Mismatch in Law School
An important criticism of race-based higher education admission preferences is that they may hurt minority students who attend more selective schools than they would in the absence of such preferences. We categorize the non-experimental research designs available for the study of so-called "mismatch" effects and evaluate the likely biases in each. We select two comparisons and use them to examine mismatch effects in law school. We find no evidence of mismatch effects on any students' employment outcomes or on the graduation or bar passage rates of black students with moderate or strong entering credentials. What evidence there is for mismatch comes from less-qualified black students who typically attend second- or third-tier schools. Many of these students would not have been admitted to any law school without preferences, however, and the resulting sample selection prevents strong conclusions.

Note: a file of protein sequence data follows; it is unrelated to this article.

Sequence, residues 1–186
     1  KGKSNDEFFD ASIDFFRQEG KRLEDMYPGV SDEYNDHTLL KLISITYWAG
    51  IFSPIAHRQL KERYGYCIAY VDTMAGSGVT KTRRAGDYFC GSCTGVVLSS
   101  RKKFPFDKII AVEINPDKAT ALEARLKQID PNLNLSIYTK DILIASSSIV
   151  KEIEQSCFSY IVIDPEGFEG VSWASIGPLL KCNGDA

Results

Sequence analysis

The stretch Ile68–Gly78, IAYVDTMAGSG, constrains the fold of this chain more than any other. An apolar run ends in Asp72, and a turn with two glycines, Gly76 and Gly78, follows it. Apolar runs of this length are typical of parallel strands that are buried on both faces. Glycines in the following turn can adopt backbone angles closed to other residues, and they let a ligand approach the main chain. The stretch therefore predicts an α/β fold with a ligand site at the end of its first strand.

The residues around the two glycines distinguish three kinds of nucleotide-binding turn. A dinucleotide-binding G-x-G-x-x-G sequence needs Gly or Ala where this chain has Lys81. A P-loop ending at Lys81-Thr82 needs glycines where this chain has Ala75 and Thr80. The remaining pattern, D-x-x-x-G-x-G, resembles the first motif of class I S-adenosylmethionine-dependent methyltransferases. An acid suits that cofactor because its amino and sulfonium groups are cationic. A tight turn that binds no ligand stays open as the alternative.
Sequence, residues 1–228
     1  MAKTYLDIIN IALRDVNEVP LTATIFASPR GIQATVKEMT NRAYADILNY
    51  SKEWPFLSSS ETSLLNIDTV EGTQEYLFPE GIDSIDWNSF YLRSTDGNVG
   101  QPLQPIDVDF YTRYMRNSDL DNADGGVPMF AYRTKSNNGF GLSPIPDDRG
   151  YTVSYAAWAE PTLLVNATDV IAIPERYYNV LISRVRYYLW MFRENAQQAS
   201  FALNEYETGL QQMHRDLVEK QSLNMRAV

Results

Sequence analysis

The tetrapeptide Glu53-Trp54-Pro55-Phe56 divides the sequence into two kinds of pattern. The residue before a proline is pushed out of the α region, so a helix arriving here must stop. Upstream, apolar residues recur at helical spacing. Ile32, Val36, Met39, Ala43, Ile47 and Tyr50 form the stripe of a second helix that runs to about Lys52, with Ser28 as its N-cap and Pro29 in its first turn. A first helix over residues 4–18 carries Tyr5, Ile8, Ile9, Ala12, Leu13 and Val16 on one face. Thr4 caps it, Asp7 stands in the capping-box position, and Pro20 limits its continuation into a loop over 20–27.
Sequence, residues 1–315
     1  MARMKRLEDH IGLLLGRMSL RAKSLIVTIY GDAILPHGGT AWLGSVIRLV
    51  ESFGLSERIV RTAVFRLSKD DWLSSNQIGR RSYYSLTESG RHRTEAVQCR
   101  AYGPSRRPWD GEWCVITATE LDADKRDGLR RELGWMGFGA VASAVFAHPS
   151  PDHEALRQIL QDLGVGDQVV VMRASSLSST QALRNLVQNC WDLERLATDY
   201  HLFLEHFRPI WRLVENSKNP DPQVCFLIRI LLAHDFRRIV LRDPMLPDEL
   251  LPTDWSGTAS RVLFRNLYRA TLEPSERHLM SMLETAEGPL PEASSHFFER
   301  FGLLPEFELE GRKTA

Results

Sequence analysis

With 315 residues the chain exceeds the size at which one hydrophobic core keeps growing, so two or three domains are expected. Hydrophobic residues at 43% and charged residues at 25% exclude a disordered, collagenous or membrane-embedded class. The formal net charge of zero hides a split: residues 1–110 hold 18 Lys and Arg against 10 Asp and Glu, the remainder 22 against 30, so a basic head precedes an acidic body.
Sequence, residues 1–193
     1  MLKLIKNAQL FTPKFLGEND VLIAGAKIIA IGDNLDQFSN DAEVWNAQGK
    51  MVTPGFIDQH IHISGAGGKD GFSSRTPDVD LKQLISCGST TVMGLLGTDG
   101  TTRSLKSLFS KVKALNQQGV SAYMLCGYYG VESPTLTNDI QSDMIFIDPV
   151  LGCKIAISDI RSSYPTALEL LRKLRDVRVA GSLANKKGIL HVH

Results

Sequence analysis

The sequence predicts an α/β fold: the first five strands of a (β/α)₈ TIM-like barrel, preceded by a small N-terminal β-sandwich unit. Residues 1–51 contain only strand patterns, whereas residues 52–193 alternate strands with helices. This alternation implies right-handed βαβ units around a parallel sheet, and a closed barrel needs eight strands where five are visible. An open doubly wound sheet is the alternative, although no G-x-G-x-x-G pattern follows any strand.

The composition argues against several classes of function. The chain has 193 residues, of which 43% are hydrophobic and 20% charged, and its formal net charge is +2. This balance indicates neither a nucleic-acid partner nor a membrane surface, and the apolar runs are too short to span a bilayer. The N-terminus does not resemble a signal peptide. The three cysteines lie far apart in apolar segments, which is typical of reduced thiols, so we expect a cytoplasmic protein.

We thank Richard Abel, William Bowen, Lee Epstein, Tom Kane, Larry Katz, Andrew Martin, Jide Nzelibe, Max Schanzenbach, Nancy Staudt, two anonymous referees, and seminar participants at NBER, UCSB, Duke, Vassar, the Universities of Michigan and Virginia, Northwestern, Washington University, and the Ramon Areces Foundation for helpful comments and suggestions. We are extremely grateful to the Andrew W. Mellon Foundation for financial support and to Elizabeth Debraggio, Jessica Goldberg and Ashley Miller for excellent research assistance. The views expressed herein are those of the author(s) and do not necessarily reflect the views of the National Bureau of Economic Research.